Taking off the medical gown after a 12-hour shift, Dr. Pham Van Phuc from the intensive care unit of the NHTD reveals the imprinted marks of mask wire on his face.
“My nose hurts, the bridge of my nose is swollen,” he complains.
“On warm days, our suits are soaked in sweat, hand skin dries and peels because we wear rubber gloves constantly and wash our hands too much.”
At the time of your correspondents' interview in late April, Phuc said he had not returned home since March 15 — the day two critically ill patient were transferred to his department.
|Dr. Pham Van Phuc from the intensive care unit of the National Hospital for Tropical Diseases in Hanoi, Vietnam|
One of them is patient No. 19; the other is a British man referred to as patient No. 20. In the first two weeks under his care, the two patients had had a positive response to treatment, but they still required 24/7 observation.
“We are deeply worried about patient No. 19, who keeps us all on the edge of our seat. For a short while on April 4 she was taken off extracorporeal membrane oxygenation (ECMO) and exhibited positive signs of recovery, yet at 1:00 am on April 5, her condition suddenly turned for the worse and she has been through respiratory failure three times since,” Phuc recalled.
After consulting the health ministry’s professional council, Phuc and his colleagues put patient No. 19 on ECMO after performing resuscitation procedures to the best of their ability. It took nearly an hour and the patient was able to be stabilized.
Dr. Pham Ngoc Thach, director of the National Hospital for Tropical Diseases, confirmed a total of 145 COVID-19 cases were admitted to the hospital during the three months ending April, with five critical cases that required ventilators.
At the time of writing, the institution only housed 37 active COVID-19 cases. Three of them had made a full recovery after being in a critical condition and were expected to be discharged soon. The other two critical cases were stabilizing and expected to recover.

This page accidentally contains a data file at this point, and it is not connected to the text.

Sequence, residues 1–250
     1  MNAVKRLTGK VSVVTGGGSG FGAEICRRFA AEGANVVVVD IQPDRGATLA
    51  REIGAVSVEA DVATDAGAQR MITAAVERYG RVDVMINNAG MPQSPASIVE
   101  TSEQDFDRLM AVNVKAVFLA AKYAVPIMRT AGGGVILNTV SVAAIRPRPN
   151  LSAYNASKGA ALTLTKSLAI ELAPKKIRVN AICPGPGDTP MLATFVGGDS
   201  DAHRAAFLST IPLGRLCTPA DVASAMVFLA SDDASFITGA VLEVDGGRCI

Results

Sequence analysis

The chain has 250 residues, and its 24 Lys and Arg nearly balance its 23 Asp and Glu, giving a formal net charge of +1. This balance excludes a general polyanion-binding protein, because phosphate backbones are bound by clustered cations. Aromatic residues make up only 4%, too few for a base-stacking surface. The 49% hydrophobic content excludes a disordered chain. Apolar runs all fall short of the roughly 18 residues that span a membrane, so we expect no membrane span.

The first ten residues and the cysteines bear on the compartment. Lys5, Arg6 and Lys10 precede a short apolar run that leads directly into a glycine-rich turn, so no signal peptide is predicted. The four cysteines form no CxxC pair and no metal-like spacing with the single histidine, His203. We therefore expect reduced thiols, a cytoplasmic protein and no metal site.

‘Special duty task force’ for a special patient
“43-year-old pilot, 1.8 meters tall, weight 100 kilograms, severe fever with lung lesion, obesity.” This was the brief description sent to the doctors of Ho Chi Minh City Hospital for Tropical Diseases (HHTD) of patient No. 91, a British national diagnosed with COVID-19 in Vietnam.
Doctors in charge at the hospital could immediately tell from experience the complications awaiting them in this case.
The test results confirmed their suspicions: the significantly high concentration of viral load found in the patient’s body compared to other patients’, coupled with his current state of obesity, poses a serious threat to his life. On top of that, his body exhibits a 'cytokine storm' — an immune response where the body starts to attack its own cells and tissues rather than just fighting off the virus.
As the treatment process continued, patient No. 91’s situation fluctuated wildly between positive and negative COVID-19 test results.
Patient No. 91’s case then became the subject of national and international scrutiny, and Nguyen Thanh Phong, chief of the infectious disease department at HHTD, began to feel the stakes in the most direct sense.
“The world is watching us since we have maintained such a low infection rate and prevented any deaths so far. As medical practitioners, we have to keep the patient alive so that Vietnam’s global reputation can be kept intact,” Phong said.